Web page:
Bachchan, with a comic element in his capacity as the leading man, not only made comedy the centerpiece in terms of the script, but also sidelined the comedians completely. It was this aspect that created the one-man-industry template that Bachchan was best at, when compared with his competition, Vinod Khanna.

This was also the reason why Govinda managed to transform into a box office colossus in the early 1990s — despite the Khans, Akshay Kumar, Ajay Devgan and the resurgence of Sunny Deol post-Ghayal (1990). Since 1992, where Shola Aur Shabnam became a surprise hit, followed by the monster blockbuster Aankhen (1993), Govinda was more consistent at the box office than most other male stars for nearly a decade.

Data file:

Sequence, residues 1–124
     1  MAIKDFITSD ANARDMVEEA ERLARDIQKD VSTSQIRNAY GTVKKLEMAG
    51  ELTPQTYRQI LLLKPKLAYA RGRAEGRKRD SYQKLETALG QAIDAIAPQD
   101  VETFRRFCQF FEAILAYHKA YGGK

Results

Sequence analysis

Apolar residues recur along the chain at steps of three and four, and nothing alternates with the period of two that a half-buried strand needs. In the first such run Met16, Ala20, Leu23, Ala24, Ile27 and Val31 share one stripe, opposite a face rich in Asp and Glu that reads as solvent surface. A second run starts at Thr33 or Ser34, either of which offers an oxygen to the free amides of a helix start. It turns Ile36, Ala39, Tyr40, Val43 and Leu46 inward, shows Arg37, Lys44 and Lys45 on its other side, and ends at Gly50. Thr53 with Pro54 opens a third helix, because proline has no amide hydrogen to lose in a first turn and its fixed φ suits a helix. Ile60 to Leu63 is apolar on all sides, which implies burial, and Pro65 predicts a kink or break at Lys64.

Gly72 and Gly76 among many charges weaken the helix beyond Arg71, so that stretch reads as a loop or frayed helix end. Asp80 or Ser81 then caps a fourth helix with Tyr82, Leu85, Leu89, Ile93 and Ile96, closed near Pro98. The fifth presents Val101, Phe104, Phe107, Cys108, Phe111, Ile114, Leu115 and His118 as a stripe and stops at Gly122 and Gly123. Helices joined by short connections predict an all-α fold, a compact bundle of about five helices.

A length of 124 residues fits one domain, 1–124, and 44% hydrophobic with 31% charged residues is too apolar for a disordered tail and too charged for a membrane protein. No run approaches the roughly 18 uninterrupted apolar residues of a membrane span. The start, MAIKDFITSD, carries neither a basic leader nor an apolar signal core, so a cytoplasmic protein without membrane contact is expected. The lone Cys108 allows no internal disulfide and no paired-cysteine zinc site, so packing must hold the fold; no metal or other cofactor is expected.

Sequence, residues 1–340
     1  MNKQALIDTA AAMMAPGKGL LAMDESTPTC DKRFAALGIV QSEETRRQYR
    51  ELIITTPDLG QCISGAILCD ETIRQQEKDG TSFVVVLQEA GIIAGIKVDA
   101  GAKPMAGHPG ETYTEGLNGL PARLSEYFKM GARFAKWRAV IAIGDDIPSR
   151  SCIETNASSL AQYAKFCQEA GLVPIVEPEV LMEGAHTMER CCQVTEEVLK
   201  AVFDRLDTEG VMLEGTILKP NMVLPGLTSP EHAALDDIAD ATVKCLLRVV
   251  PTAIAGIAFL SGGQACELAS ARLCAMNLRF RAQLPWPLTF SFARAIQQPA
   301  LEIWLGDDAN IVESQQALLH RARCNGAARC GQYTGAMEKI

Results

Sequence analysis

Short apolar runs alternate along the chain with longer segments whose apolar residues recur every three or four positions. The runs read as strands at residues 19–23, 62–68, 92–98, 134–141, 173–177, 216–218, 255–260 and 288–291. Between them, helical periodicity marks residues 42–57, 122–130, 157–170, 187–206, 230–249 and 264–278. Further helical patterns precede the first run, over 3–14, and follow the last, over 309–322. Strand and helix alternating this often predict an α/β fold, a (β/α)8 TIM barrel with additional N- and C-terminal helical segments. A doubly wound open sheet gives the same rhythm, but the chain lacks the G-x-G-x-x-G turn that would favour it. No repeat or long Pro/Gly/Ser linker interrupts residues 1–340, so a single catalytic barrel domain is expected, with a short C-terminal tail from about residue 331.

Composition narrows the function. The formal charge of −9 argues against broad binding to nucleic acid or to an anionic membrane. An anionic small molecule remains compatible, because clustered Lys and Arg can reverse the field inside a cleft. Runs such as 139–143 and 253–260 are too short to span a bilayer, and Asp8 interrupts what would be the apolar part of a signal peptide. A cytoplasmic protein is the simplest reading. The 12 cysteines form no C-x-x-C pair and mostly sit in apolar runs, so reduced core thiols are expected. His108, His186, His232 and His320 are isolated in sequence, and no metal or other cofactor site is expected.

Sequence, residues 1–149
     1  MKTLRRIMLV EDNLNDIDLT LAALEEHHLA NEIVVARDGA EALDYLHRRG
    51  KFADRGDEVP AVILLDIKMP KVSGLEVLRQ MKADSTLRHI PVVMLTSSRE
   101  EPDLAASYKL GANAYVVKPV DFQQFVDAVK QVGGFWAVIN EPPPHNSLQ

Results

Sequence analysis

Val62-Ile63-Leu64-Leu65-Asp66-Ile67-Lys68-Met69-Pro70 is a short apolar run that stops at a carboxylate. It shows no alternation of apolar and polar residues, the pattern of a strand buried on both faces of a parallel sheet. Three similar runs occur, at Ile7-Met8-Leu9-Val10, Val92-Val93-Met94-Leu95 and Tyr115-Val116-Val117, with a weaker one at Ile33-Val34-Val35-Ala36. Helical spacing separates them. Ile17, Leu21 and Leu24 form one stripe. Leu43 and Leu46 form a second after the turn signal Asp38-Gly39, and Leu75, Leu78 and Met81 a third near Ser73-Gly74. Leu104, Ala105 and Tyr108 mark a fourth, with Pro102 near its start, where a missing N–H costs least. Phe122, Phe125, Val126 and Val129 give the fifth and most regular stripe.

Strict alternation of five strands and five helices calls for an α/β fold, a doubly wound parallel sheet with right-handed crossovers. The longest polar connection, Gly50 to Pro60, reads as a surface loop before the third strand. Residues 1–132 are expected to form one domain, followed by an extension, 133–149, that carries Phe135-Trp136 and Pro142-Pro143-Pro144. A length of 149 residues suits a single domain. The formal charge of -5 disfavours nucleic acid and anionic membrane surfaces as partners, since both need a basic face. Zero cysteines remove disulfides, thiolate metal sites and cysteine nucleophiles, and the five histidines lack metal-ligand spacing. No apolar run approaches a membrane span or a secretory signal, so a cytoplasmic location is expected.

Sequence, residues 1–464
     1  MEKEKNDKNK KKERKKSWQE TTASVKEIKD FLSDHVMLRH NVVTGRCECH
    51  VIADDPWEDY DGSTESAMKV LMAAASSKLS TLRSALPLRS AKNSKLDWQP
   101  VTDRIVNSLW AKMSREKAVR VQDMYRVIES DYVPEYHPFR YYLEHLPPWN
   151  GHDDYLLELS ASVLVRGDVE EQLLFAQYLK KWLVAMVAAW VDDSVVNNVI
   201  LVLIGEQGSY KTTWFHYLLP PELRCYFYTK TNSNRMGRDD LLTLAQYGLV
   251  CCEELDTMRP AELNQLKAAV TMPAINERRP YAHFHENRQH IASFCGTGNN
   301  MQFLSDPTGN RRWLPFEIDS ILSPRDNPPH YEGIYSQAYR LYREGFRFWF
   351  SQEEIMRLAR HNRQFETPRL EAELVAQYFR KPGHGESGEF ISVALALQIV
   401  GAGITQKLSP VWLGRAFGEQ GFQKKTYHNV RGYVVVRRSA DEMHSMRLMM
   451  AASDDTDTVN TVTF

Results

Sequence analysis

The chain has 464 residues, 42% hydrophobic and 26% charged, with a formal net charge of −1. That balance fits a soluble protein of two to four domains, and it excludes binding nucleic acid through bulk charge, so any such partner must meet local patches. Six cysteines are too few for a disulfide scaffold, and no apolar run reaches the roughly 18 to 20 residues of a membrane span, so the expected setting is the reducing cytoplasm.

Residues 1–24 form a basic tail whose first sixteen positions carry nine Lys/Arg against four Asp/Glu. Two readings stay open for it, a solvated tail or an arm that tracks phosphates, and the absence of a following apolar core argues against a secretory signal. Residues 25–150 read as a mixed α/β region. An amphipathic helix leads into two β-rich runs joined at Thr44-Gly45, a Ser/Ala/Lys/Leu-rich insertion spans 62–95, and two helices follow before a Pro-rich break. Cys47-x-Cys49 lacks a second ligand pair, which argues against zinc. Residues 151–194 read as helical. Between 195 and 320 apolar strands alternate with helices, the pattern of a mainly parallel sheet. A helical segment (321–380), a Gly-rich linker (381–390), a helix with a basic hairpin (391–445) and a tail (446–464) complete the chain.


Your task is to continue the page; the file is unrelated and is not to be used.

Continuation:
In the case of Akshay Kumar too, it was the comedy genre that resurrected his career — and gave him a second lease of life. Between 1997 and 1999, Kumar had a string of flops that became more pronounced when juxtaposed with the phase where Shah Rukh Khan had come to be identified as the darling of both critics and audiences, and Aamir Khan was mainstreaming narratives that otherwise would have never enjoyed a wide audience, with movies such as 1947-Earth (1999) and Sarfarosh (1998).

Hera Pheri proved the stage for Akshay's comic timing to shine through. Hera Pheri provided the right stage for Akshay's superb comic timing to shine through. (Photo: YouTube)